|  January 28, 2013

As most of you know, the current partying-in-power, Pheu Thai, slid into parliament on a smooth mud-slide. 

Arguably the party was elected for its platform of populist promises, one of which was that first time car buyers in Thailand in 2012 would automatically receive up to 100,000 baht in cash back from the government. Call it a tax rebate, a present from the rest of the taxpaying public (though the spin doctorers would like you to think it’s from the government) or a bribe. The fact is, by last year’s end over 1.25 million people had signed up for this largess. That is 1.25 million more cars on the road (from this scheme alone) this year and a projected tax rebate of around 90 billion-yes, billion-over the next three years. 

Closer to home, 39,390 cars have been purchased in Chiang Mai under this scheme, resulting in an expected tax reprobate [sic I know] of just over 3 billion baht.

In 2007 I interviewed the then-current mayor, who told me that had he the budget, he would implement a rapid transit system which would once and for all solve Chiang Mai’s traffic and public transportation problems. Covering the 430 square kilometre municipal area, and half a million plus residents, a fifty kilometre route would include the use of buses as well as an upgraded songtaew system. The project was expected to cost 1.4 billion baht. So, even factoring in inflation, it seems as though we could have ourselves a pretty amazing mass transit system and perhaps a bit left over to do other lovely things like clean up the environment and perhaps even encourage people to drive sensibly, as well as having 39,390 (and perhaps more as one would expect that a good system would discourage private car usage) fewer cars-and atrocious drivers!-on the road. But hey, why let common sense get in the way of a grand gesture? Especially when an election, and ensuing collections, is in the balance. 

All these new cars will of course gobble up more petrol and gas, creating more pollution and congestion while increasing public spending on the construction and expansion of more roads, not to mention health care costs for pollution-related illnesses (and car accidents).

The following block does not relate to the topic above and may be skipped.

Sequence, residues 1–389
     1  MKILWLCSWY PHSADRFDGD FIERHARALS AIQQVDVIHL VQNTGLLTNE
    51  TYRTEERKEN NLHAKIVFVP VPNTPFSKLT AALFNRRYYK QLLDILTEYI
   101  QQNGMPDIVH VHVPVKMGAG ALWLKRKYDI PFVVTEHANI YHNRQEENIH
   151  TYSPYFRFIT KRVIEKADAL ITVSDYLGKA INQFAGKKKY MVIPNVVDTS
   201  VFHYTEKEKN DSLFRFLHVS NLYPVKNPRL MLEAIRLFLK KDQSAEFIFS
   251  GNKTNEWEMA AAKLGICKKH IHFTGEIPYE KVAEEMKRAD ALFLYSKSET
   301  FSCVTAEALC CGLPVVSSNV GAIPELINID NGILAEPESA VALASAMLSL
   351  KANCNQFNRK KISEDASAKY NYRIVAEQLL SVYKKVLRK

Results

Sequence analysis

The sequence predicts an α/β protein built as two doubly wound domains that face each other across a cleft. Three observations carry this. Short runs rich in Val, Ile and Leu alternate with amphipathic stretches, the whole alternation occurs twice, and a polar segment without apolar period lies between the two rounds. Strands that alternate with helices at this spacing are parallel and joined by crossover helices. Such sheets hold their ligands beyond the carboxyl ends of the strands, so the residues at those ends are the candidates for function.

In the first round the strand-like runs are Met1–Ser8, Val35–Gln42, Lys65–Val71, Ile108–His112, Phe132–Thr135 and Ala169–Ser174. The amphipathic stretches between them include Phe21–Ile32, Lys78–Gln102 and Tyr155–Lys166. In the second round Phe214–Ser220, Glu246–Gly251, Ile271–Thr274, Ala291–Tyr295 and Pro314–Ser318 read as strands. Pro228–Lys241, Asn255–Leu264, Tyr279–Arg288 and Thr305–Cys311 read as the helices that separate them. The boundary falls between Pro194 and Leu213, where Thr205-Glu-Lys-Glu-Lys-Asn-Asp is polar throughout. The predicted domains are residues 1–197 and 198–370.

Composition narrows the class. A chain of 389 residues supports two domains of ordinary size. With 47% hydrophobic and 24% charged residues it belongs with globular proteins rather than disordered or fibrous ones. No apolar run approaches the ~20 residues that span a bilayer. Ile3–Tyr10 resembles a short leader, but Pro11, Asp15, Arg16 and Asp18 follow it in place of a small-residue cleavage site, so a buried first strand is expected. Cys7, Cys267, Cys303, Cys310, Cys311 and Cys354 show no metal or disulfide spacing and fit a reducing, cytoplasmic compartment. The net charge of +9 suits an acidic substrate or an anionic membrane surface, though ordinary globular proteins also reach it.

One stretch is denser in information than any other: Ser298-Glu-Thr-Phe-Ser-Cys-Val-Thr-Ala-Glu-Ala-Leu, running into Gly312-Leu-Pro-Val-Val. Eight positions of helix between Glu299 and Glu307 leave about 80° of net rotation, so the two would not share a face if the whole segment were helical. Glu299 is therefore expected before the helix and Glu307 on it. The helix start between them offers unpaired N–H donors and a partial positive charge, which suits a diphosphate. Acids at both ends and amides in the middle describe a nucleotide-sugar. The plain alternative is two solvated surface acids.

As a private car driver, it may sound hypocritical for me to get all wound up about this, after all why should I be able to drive a car and not the other 39-odd thousand living here? The point is that I shouldn’t; none of us should. Private cars should be far and few and only for those who really need them, or can pay tons of taxes, benefiting society, for the privilege-not inexplicably receiving a tax refund as a reward! With a good rapid transit system, rather than this upcoming rabid traffic cataclysm, Chiang Mai could see far fewer private vehicles on the road, with most of us using public transportation more and more regularly. Cars are not a universal entitlement to be had, but a pest which must be reduced.

Seven out of ten people in Thailand support this government scheme; but then 64% of adult Thais think that corruption is acceptable. Frankly, it is the government’s job to look after the national interest and not pander to popular public (mis)beliefs. Sometimes, whether we like it or not, the government has got to steer us in a responsible direction. 

Yes I know it is a fait accompli, my gripe is going to achieve absolutely nada, but maybe we can use this lesson to think things over a bit more next time, to ponder over the greater good and the future of our city, country even, before getting too excited about a political party’s campaign promises.  

But then again I hear that buffalos are evolving into flight. 

Citylife this month:

A hodgepodge of articles ranging from my interview with a surprisingly candid superintendent of Chiang Mai Immigration, Hilary Cadigan’s hazy retrospective on the drug-induced Full Moon Party on Koh Phangan, Casey Hynes’s look at the anticipated effects of China’s recent change of the guard and our new intern Mai Nguyen from Canada saying pish-posh to love and romance, showing all of us single people how to survive Valentine’s Day without a tub of Swensen’s and the tenth rerun of The Notebook. Thank you Green Table restaurant for providing the venue, cute waiter, great food and wine for the photo below.